My four days in Washington, D.C. have come to an end and I am walking away (well, actually flying away) from here with so much great information. First off, the people at Meals on Wheels Association of America (MOWAA) and the National Council on Aging (NCOA) are some of the best people I have met who are working their asses off to make certain someone is looking out for the seniors of America. Secondly, if it weren’t for these organizations I often wonder what would be happening to current and future seniors and who would be fighting for them. Keep in mind, people working for the not-for-profits are often some of the hardest working people in the country because their work is a passion… it’s personal.
I should explain what these organizations are all about and how important it is for this documentary to have two amazing organizations such as these. Actually, I am flattered to have MOWAA, NCOA and AARP as part of this piece. Without these groups I don’t know where this documentary would have become. It not only adds credibility but it allows people who are this passionate to talk about what it is they are doing, the progress they are making and the future prognosis of the “Senior Hunger” (as well as other senior) issues.
The reason I chose MOWAA to be a part of this film is fairly obvious. We’re doing a piece on senior hunger and the two largest organizations feeding people in the U.S. are Meals on Wheels and Feeding America. As I already stated in a previous post, you know Feeding America (the national organization and not the local level) never called me back or wanted to be a part of this movie. Meals on Wheels is an old, old organization serving millions of meals every year to seniors and other people who require the basic necessity of food. I wanted them to be a part of this film long before they ever gave money to my project. While interviewing Enid from MOWAA I learned some amazing things about her organization, what’s happening in America and how they battle every day with Congress to get more and more assistance to help people in this country. My question is… why is it a battle? That’s another film for another filmmaker.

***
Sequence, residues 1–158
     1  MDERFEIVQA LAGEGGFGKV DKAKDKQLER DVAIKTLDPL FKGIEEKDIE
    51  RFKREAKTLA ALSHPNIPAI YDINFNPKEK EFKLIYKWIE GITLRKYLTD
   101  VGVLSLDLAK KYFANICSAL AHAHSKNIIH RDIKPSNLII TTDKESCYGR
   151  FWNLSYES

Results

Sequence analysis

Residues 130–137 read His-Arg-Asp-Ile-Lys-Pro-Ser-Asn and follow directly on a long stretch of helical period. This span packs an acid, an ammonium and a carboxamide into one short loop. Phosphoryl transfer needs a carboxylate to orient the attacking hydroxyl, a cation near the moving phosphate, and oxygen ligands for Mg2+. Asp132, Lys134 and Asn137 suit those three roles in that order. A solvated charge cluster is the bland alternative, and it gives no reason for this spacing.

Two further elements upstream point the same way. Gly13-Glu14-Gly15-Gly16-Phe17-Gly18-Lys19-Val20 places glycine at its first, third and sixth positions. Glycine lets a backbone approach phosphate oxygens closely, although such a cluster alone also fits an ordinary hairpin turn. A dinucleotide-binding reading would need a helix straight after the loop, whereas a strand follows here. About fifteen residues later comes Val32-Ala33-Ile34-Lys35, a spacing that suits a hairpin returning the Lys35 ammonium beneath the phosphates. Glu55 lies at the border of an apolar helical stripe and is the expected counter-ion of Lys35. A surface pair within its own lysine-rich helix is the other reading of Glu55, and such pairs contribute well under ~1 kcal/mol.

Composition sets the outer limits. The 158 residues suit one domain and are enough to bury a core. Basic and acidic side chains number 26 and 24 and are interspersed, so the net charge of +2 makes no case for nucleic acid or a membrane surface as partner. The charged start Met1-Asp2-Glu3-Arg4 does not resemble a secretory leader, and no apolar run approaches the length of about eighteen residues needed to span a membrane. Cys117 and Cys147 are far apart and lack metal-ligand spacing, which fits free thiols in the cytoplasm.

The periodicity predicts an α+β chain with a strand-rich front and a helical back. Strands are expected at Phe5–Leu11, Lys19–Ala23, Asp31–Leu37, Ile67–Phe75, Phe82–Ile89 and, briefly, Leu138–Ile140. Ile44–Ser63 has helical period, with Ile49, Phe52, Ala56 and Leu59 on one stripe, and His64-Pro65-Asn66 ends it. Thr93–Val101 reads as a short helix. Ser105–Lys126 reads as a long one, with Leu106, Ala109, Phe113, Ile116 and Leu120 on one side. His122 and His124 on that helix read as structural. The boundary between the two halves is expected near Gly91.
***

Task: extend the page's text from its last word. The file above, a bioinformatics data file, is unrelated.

With regard to NCOA, I can’t express enough how great it was to have them on board too. Jim Firman was great and amenable to helping me get out the story and share how they are a part of the lives of many seniors. In case you aren’t familiar with NCOA then you definitely need to look them up. Basically, they are a group that strives to improve the lives of older adults, especially those who are vulnerable and disadvantaged. In fact, you have to check out one of their great programs that inspired me to want to interview them and have them be a part of this film. That program is called “One Away” and it’s a series of stories of people who are/were one paycheck, health issue, emergency or other issue away from finding themselves in major crisis. It’s really worth checking out and seeing what’s happening.
I think that many people don’t realize how real hunger is in the U.S. and this campaign brings it to life. Also, my relationship with NCOA opened the door for my personal redemption in this film but that’s a later post for a later date. Heck, I may never even mention it because I don’t want to give away too much about this film. All in all, my trip to D.C. was well worth the time and money to get some much needed credibility to my film and I am so thankful for their time and commitment to helping me tell this story.
Check out their websites on my LINKS page.